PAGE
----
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Volunteers need ed …… PAL have a whole plethora of work that needs to be undertaken this summer, from attending events to setting up volunteer network training and social events. In particular we’re interested in advancing our technological image via social networking sites, and as such would really appreciate any volunteers who would be willing to blog or twitter their experiences on facebook etc. Also very desperately needed, are volunteers that would help us fundraise, write bids or approach companies seeking corporate sponsorship. As you are all aware, funding at PAL is very precarious at the moment and PAL staff need lots of support to ensure that they continue to provide a full service . Finally we need your knowledge of the world of business and marketing. PAL’s aim is to become more financially secure by increasing the money generated by our consultancy through training programmes and undertaking consultation events on behalf of developers and local authorities. PAL are therefore looking to define their products and put together a marketing strategy that will appeal to a wider audience than our current core work. Any knowledge, ideas, contacts would be gratefully received. So whether you’ve an hour, a day or a whole week to spare us get in touch. Email : nancya@planningaidforlondon.org.uk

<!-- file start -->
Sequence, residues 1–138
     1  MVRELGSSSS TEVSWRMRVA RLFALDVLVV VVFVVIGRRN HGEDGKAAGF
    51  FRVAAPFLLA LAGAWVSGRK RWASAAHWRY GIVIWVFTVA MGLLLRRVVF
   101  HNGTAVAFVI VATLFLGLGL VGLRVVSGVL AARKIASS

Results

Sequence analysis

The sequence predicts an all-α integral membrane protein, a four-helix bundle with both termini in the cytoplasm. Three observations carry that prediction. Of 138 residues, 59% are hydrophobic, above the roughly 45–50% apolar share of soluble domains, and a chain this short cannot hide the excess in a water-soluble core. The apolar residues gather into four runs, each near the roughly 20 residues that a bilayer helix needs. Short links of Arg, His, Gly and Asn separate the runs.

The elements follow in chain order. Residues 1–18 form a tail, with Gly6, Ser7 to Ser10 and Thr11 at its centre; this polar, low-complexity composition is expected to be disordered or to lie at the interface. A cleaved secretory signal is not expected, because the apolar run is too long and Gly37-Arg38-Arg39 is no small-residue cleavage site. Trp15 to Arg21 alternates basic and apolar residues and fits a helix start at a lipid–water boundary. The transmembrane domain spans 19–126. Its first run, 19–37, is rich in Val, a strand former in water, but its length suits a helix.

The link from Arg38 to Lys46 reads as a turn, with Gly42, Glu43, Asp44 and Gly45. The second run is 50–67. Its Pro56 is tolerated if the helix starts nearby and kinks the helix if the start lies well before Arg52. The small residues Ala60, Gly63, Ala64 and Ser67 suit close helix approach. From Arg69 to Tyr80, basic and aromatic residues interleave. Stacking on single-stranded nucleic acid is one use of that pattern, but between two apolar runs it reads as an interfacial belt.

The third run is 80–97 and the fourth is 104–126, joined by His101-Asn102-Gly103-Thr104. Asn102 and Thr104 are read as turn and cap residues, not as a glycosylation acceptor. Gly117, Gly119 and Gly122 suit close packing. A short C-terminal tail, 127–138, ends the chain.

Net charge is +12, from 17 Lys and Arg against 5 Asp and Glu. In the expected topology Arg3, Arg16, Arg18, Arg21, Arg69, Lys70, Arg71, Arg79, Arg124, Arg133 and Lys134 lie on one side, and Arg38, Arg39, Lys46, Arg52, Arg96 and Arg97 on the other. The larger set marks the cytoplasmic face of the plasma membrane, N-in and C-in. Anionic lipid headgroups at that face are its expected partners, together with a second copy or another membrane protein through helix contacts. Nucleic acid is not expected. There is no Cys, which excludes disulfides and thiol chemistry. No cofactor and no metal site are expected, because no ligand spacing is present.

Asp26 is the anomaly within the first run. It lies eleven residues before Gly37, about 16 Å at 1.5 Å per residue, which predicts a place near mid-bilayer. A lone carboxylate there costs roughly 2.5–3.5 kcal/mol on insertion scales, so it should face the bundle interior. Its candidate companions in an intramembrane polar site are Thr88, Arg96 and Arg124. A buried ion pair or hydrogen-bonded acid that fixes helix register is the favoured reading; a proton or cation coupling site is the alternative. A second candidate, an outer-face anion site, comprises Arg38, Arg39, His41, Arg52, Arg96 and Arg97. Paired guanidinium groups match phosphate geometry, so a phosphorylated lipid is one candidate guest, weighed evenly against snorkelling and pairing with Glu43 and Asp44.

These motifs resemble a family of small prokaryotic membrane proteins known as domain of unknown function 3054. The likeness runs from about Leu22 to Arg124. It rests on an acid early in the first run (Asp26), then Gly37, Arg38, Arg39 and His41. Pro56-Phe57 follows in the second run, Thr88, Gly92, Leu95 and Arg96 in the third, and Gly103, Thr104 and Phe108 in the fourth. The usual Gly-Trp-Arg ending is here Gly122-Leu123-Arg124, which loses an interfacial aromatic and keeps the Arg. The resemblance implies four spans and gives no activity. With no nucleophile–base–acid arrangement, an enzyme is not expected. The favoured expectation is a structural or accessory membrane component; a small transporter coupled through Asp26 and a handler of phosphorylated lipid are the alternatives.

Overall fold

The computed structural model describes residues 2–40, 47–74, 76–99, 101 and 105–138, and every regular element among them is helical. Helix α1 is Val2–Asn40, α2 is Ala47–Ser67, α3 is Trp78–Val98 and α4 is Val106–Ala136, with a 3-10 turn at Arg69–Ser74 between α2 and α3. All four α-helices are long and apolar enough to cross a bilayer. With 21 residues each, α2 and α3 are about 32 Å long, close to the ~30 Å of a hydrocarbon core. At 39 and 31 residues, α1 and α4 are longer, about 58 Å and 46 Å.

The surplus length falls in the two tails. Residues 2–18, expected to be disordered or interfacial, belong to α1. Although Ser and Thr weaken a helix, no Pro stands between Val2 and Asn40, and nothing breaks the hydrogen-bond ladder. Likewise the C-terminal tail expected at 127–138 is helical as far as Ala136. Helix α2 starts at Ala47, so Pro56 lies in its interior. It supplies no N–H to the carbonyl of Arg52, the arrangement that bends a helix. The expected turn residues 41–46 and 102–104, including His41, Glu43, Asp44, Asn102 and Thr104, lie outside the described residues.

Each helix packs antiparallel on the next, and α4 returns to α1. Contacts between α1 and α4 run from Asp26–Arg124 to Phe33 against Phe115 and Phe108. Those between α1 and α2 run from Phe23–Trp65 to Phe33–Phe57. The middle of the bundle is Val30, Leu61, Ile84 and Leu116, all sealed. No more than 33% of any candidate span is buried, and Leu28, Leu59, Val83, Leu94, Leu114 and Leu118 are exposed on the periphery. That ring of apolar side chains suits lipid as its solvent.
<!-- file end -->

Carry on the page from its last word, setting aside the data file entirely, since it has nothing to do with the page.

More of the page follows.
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Profile for Nancy Astley

Issue 27 - July 2011  

Volunteer Newsletter

Issue 27 - July 2011  

Volunteer Newsletter